Thursday, October 28, 2010

Two Serial Killers by Fincher, p2 Se7en

One would be hard pressed to find a more disturbing “main stream” successful movie than Fincher’s Seven from 1995. It is truly a depressing and horrific movie in the way that it exposes how far our culture has fallen into a depraved apathy. If you are the sort of person for whom the “not a recommendation” tag on NonModern was created, please note that this movie has that tag and this post is not an appeal for you to rush out and experience this film. Most people know the plot already, whether they have seen it or not.

Once again, we have a serial killer story that is not about the serial killer. That point needs to be defended, because most people remember this film for the elaborate way in which John Doe “preaches” his message through his killings. He claims he is doing God’s work, judging sinners for the sins that they commit. The true theme of this movie is not the evil sins that are being judged, but the apathetic attitude of the society where the sins exist. This theme is best seen through the real main character of this story, Morgan Freeman’s Detective William Somerset.

The film takes place in an unnamed city, where it is constantly raining and everything is cloudy and depressing. Every character in the film struggles with living in this city and dealing with the evil and hopelessness that is pervasive there. Somerset has become so fed up with the futility of fighting crime in the city, that he is retiring from the police force and moving away. In his final week on the job, he is orienting his replacement, Brad Pitt’s Detective Mills. Mills is an ideal young detective who is excited to be making a difference. He fought for the chance to come to this city that most people avoid. He hates the evil he sees around him and he wants to fight it. Mills wife is visibly wilting in the oppressive atmosphere, but he is oblivious to that fact.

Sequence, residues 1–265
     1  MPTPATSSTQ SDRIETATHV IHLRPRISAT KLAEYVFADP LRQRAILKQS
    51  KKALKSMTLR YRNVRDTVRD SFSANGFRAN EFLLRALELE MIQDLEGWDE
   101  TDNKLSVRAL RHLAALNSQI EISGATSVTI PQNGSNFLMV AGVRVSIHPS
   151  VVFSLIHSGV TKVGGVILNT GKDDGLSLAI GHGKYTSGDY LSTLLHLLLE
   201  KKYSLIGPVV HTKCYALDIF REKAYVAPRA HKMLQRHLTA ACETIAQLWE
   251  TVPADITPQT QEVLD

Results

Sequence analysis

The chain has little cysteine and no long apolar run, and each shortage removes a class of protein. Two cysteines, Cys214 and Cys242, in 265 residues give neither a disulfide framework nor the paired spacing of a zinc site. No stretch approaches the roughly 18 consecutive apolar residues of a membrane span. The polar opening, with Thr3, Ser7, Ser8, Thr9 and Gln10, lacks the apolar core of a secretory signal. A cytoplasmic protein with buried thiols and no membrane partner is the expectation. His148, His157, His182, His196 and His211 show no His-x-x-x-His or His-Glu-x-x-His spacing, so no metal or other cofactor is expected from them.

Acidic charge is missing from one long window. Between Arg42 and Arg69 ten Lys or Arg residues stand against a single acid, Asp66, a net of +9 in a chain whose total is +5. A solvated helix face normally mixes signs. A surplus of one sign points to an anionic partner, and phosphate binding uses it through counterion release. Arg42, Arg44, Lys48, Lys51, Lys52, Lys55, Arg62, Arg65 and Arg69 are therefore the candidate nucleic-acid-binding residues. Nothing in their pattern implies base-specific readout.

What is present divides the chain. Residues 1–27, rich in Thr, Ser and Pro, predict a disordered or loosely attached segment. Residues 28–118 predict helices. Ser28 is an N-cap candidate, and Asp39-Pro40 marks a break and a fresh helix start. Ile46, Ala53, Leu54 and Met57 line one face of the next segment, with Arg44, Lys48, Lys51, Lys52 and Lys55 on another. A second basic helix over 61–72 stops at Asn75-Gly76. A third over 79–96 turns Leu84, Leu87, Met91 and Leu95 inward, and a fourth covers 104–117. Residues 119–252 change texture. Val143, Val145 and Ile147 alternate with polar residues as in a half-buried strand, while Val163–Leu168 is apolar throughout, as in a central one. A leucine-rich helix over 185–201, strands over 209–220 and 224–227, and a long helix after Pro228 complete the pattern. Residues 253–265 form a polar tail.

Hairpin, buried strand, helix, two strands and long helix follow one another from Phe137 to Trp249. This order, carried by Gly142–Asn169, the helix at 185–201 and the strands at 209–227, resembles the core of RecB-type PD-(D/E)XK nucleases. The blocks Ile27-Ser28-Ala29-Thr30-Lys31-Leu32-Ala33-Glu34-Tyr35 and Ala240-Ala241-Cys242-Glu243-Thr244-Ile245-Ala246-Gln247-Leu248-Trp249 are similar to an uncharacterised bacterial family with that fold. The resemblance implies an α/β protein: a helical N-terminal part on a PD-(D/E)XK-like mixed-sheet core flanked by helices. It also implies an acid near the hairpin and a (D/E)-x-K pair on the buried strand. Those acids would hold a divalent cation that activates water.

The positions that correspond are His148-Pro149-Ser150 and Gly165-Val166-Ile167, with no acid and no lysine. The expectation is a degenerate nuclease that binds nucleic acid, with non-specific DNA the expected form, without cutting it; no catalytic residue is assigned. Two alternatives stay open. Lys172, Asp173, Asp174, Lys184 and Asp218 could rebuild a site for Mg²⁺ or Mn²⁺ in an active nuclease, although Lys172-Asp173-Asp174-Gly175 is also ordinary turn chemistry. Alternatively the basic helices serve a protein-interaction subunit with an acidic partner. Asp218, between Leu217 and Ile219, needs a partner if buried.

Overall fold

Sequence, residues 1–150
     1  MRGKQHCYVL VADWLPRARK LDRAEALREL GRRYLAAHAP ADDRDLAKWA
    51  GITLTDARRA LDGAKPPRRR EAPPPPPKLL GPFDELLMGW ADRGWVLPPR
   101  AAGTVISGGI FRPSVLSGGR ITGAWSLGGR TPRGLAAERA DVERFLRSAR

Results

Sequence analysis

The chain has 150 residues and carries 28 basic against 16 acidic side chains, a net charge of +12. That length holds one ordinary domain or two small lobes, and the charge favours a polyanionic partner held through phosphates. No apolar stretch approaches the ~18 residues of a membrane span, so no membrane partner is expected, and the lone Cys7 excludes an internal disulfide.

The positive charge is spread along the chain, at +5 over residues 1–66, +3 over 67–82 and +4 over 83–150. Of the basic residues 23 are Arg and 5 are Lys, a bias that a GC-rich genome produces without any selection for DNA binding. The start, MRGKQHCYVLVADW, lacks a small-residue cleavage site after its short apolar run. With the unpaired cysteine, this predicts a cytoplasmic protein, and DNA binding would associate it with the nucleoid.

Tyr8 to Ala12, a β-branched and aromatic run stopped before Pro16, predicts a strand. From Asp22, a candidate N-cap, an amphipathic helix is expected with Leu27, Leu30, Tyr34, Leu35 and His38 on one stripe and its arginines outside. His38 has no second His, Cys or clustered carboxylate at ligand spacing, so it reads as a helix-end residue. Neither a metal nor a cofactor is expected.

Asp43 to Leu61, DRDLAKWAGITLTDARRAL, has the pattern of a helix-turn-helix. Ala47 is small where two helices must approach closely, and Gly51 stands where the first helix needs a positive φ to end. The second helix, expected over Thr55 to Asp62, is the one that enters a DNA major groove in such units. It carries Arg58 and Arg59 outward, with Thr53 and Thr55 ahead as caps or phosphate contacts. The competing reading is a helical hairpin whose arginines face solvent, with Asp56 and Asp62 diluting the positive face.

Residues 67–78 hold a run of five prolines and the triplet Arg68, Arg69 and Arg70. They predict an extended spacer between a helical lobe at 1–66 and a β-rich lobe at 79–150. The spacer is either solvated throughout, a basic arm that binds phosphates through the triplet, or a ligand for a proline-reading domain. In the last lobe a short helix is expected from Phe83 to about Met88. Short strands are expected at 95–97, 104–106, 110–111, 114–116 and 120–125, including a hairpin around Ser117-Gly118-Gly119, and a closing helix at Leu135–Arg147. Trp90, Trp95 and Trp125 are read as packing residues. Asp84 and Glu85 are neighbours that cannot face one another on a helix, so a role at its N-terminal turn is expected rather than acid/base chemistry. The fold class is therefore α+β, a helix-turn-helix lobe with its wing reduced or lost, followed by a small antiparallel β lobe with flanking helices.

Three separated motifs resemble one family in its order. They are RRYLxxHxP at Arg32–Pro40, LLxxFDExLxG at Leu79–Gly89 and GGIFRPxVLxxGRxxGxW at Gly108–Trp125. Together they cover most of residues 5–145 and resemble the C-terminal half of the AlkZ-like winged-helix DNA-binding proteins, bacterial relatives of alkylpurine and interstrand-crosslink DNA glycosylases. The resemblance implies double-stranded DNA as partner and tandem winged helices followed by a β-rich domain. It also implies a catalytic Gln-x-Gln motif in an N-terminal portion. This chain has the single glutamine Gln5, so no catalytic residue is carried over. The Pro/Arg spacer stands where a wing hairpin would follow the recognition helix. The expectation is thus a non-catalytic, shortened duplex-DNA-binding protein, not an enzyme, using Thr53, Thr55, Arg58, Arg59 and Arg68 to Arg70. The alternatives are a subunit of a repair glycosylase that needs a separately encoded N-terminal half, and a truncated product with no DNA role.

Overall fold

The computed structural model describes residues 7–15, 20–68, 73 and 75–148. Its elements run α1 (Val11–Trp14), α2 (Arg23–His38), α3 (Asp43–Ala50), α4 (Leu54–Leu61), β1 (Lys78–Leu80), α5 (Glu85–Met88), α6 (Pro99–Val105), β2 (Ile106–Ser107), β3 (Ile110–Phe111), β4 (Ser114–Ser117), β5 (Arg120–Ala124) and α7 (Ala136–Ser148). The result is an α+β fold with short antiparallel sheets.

With all of the shocking murders that Mills and Somerset investigate, the key scene is a quiet moment where the two talk while waiting for a development in the case. Somerset explains why he is leaving the job and the city.

“I just don't think I can continue to live in a place that embraces and nurtures apathy as if it was virtue.”

Mills throws that back in his face. “You’re no different. You’re no better.”

Somerset admits that he understands how apathy is easier than facing the hard life of the city. In leaving his post, he is showing his own form of apathy. He hates the attitude he sees around him, but he has given up himself. This conversation and Mills enthusiasm to fight for good are what start to bring Somerset around. He begins to take an interest in his work again. He embraces the fight against evil.

John Doe may represent a voice railing against evil in the city, and in Mills we see a character that is emotionally driven to fight evil but ill equipped to do so, however it is Somerset who has the intelligence and skill to really fight evil. That knowledge also means he recognizes that it is a never ending battle. What Somerset (and this story) lacks is hope, and that is why it is so depressing.

For many people, we live in a world much like Seven’s city. Without hope, our only choices would delusion, apathy or despair. That is why people avoid the important questions in life. If they do not know the hope that Christ has given us, they will do whatever they can to not acknowledge their condition. God’s true message for them is one of hope. God does not merely confront people with their sin to be punished as John Doe claimed to be doing. God exposes it as He provides the means for it to be forgiven… on the cross. When we know the message of the cross, then we can agree with both parts of Hemingway’s quote at the end of the movie: “The world is fine place and worth fighting for.”

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